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Phase diagrams are graphical maps that show the behavior of metal alloys during heating and cooling. In addition, they show the solid phases that are present after an alloy freezes. They are a primary tool in metallurgy because they provide the basis for predicting or interpreting the changes in the internal structure of a material. When an alloy undergoes heating and cooling, it undergoes phase transitions or transformations, in both the liquid and solid state. Therefore, an appreciable amount of this book is devoted to understanding these transformations.

In keeping with ASM’s goal in the Understanding the Basics series of technical books, many of the mathematical formulations that underlie the theory of phase diagrams have been omitted. There are many excellent texts on chemical thermodynamic that provide this theory. The material in this book can be comprehended by anyone with some degree of a technical background. For those lacking knowledge of basic metallurgical principles, I have included two appendices that are helpful. Appendix A covers the basics of metallic structure, while Appendix B is an introduction to the principles of solidification. This book is helpful to engineers, technicians, production personnel and students with no previous exposure to metallurgy. It is also helpful to metallurgical engineers who have forgotten many of the principles of phase diagrams and need a refresher.

Chapter 1 is a brief introduction to phase diagrams. The next two chapters offer basic information that is helpful in reading subsequent chapters. Chapter 2 is an introduction to solid solutions and phase transformations. While I have attempted to avoid the detailed development of the thermodynamic formulation behind phase diagrams, Chapter 3 gives a somewhat cursory overview of the importance of Gibbs free energy and how it is used to construct and interpret phase diagrams.

The two types of alloy phase diagrams that receive the most emphasis are binary (two metals) and ternary (three metals). While a few quaternary (four metals) diagrams can be found in the literature, computer modeling based on thermodynamic principles (described in Chapter 13) are now almost exclusively used to analyze this degree of complexity.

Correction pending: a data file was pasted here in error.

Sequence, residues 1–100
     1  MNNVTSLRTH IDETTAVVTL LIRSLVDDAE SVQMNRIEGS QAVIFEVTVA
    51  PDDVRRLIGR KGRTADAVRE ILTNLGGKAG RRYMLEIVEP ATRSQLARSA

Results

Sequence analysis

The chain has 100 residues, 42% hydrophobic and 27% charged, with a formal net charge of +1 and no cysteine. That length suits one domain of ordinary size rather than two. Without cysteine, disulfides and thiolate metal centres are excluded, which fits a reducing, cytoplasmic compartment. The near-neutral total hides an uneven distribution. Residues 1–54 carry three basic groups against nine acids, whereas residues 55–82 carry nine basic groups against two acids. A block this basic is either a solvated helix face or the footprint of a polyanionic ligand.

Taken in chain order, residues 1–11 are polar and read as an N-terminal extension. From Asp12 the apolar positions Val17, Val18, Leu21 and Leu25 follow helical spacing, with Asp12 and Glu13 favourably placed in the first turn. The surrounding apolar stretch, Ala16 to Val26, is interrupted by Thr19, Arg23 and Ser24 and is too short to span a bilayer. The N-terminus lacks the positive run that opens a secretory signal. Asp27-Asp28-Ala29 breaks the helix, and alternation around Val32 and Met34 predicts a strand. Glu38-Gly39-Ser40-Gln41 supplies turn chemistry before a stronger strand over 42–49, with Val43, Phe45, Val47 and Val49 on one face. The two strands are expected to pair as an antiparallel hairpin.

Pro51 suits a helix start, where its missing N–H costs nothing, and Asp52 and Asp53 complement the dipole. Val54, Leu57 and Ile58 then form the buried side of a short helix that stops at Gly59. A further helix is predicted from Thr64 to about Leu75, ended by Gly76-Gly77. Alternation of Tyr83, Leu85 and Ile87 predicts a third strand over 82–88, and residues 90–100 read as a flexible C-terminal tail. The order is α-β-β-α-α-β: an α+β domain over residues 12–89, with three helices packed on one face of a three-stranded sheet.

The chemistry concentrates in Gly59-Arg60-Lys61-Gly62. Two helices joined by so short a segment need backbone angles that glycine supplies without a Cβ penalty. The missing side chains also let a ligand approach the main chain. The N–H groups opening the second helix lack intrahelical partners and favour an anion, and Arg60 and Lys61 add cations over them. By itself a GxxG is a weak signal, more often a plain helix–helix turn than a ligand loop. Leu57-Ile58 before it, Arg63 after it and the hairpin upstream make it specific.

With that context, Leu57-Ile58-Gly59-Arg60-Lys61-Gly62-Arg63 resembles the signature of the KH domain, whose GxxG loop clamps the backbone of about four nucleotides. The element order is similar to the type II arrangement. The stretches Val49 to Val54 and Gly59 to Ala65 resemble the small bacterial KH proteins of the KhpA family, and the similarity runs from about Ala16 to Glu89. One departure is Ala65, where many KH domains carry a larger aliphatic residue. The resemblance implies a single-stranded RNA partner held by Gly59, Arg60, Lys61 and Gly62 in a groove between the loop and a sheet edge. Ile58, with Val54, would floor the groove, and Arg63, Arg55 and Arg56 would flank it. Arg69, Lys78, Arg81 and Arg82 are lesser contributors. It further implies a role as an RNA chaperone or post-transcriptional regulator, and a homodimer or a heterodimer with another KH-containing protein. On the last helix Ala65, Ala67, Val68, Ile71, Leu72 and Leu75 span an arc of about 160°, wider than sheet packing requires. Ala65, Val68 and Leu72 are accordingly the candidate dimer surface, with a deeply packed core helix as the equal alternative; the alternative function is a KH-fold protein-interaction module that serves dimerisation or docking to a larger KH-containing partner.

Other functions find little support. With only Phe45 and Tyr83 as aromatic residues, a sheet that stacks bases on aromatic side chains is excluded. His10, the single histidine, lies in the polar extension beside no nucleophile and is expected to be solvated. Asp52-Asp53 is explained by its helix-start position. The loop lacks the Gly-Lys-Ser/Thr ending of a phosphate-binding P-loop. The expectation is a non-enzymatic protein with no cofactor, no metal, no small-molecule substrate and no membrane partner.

Important binary phase diagrams involving liquid and solid reactions are covered in Chapter 4 (isomorphous), Chapter 5 (eutectic), Chapter 6 (peritectic), and Chapter 7 (monotectic). Solid-state transformations are covered in Chapter 8 and include the important eutectoid and peritectoid reactions.

Gas-metal reactions are important in metals processing and in-service corrosion; therefore, Chapter 11 covers the basics of these systems where pressure becomes an important variable.

The construction of a phase diagram is a tedious and exacting process. In Chapter 12, some of the important methods that are used in phase diagram determination and construction errors are discussed.

While many of the uses of phase diagrams will become apparent as you progress through the book, Chapter 14 summarizes their usage and gives some real world industrial examples of how phase diagrams were used to solve problems.

While phase diagrams are constructed under as close as possible to equilibrium conditions, many important phase transformations in alloys occur under highly nonequilibrium conditions. There are two chapters that cover these types of transformations. Chapter 15 covers the nonequilibrium cooling of ferrous alloys that form the basis for the strengthening of steel by heat treatment. Chapter 16 covers the precipitation hardening process that is important in strengthening ferrous and nonferrous alloys, particularly aluminum and nickel-based alloys.

A first course in materials science would be helpful in understanding the material in this book; however, most of the material is easy to understand and builds as you progress through the book. The purpose of this book is to introduce the basics and not to replace handbooks on engineering alloys.

I would like to acknowledge the help and guidance of Scott Henry and Steve Lampman of ASM, the editorial staff at ASM, and the people that reviewed this manuscript for their valuable contributions.

F.C. Campbell
St. Louis, Missouri

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